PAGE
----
Advanced Sorting Algorithms

In this lesson, we study more advanced sorting algorithms such as Quick Sort and Merge Sort. Both Algorithms are recursively implemented.

QuickSort Algorithm

As its name implies, quicksort is a fast divide-and-conquer algorithm. Its average running time is O(N log N). Its speed is mainly due to a very tight and highly optimized inner loop. It has quadratic worst-case performance, which can be made statistically unlikely to occur with a little effort. On the one hand, the quicksort algorithm is relatively simple to understand and prove correct because it relies on recursion. On the other hand, it is a tricky algorithm to implement because minute changes in the code can make significant differences in running time. We first describe the algorithm in broad terms. We then provide an analysis that shows its best-, worst-, and average-case running times. We use this analysis to make decisions about how to implement certain details in Java, such as the handling of duplicate items.

the quicksort algorithm

The basic algorithm Quicksort(S) consists of the following four steps.

1.      If the number of elements in S is 0 or 1, then return

2.      Pick any element v in S. It is called the pivot.

3.      Partition S {v} (the remaining elements in S) into two disjoint

4.      Return the result of Quicksort(L) followed by v followed by

Here is a figure that represents the quicksort algorithm.

Figure Courtesy of Weiss Data Structures Book

MergeSort Algorithm

Merge Sort is an algorithm that works as follows. Suppose we have two sorted arrays that we need to merge to form a single sorted array. If the sizes of the arrays are O(n), then we can merge them using a simple O(n) algorithm as follows. Suppose A and B are two sorted lists. We compare first element of A and first element of B. We merge the smaller of the two elements to a new list C. The process is shown below.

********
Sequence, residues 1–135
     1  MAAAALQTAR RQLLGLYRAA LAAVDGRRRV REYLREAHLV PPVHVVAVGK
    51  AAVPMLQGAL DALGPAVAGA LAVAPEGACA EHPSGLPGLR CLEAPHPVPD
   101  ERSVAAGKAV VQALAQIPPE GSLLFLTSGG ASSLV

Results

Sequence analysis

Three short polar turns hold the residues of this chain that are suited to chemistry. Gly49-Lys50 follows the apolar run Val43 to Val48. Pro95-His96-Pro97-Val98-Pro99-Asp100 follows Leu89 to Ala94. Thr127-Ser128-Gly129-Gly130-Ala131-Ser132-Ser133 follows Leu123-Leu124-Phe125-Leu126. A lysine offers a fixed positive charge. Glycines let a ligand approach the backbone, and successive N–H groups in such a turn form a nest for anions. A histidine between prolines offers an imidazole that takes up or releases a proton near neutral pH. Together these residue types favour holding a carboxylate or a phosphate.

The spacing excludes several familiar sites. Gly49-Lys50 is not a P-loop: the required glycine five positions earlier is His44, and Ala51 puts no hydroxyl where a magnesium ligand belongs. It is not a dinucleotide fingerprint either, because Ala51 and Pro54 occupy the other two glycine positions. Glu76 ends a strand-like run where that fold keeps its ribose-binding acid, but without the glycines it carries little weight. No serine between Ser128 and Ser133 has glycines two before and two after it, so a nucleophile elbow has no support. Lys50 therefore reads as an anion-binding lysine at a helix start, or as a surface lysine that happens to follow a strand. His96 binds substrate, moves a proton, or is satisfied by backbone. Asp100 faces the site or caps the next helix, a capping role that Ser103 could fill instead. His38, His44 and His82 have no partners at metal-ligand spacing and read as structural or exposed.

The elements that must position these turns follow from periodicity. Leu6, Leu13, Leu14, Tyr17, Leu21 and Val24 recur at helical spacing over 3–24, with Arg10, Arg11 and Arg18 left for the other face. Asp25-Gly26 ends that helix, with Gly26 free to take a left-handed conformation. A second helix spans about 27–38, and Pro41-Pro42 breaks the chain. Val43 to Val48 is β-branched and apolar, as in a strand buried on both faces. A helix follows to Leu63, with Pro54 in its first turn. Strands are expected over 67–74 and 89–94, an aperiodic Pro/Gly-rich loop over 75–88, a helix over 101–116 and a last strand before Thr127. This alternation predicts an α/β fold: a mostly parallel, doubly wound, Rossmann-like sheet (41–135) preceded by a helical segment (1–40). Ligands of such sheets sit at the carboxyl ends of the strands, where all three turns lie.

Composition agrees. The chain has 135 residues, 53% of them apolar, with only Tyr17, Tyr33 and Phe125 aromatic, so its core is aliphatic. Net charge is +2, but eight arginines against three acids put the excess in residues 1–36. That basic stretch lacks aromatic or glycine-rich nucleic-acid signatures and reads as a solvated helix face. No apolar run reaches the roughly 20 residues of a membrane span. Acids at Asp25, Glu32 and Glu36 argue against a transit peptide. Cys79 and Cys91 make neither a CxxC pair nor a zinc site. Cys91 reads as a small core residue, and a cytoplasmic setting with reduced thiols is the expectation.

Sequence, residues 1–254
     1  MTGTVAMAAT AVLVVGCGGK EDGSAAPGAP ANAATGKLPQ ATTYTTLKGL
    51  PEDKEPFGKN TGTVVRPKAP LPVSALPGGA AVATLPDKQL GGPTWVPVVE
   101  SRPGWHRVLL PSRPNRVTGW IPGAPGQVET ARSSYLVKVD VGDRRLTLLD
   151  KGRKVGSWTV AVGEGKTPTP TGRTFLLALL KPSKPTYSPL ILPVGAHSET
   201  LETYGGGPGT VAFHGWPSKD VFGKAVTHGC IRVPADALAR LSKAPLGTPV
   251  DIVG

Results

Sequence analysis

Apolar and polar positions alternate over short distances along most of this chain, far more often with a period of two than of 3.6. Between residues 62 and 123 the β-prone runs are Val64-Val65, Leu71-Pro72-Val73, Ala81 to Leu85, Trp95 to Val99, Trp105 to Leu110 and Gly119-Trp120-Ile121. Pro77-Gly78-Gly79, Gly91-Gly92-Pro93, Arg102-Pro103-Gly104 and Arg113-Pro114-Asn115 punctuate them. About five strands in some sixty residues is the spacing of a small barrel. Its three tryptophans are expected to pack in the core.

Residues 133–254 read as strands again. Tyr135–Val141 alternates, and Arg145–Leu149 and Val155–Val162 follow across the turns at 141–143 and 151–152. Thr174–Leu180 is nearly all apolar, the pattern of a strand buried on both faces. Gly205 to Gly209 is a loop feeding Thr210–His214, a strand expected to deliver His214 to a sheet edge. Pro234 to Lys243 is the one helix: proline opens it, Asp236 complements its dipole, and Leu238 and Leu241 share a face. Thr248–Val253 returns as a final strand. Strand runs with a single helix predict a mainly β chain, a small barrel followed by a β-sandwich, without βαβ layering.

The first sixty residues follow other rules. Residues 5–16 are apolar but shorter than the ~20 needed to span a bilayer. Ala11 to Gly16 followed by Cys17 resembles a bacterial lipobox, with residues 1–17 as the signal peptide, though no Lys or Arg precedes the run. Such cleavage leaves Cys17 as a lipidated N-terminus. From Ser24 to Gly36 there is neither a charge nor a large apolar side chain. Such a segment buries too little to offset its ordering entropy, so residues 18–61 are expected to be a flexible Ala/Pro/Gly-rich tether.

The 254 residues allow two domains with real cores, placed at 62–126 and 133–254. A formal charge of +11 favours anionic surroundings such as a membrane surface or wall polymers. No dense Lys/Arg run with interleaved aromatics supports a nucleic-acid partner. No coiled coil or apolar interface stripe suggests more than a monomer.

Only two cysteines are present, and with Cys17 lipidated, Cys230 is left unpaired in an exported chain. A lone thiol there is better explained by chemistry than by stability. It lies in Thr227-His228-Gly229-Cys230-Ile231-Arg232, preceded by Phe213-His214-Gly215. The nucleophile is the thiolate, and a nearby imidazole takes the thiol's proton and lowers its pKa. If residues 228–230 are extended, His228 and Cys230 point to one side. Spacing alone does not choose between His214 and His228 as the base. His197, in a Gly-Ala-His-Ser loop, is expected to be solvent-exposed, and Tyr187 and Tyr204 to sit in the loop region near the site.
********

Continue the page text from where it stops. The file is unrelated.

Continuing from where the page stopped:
We continue this process until one array is completely processed. Then we merge the rest of the elements in the other array to C. One requirement of Merge Sort is that it needs an extra array to help the merging process.

Merge Sort is implemented recursively as follows. This is a divide and conquer algorithm. Divide initial array into equal halves and continue this process for all the sub-arrays until the array sizes become 1. Now by definition, an array of size 1 is sorted. Therefore we merge the size 1 arrays to form a sorted array of size 2. Then we merge two arrays of size 2 to form a sorted array of size 4 etc. We continue to merge these sorted arrays until the whole array is sorted.


Both quick sort and Merge Sort algorithms are of order O(n log n). It is easy to understand why MergeSort is O(n logn). Here is a simple argument for that. In each step of the merge sort algorithm we divide the arrays into two equal halves. As we know, the depth of the tree formed is O(log n). Now each merging step requires O(n) steps and therefore the mergesort requires O(n logn) steps.

The average case analysis of Quick Sort is difficult and beyond the scope of this course. However, quick sort has shown to be the best algorithm that performs for a random set of data. It is easy to show that if the list is already sorted, then the quick sort performs bad typically requiring O(n2) steps. For over 40 years, quicksort has become the sorting algorithm of choice for many. None of the other algorithms seem to perform better than the quicksort on average.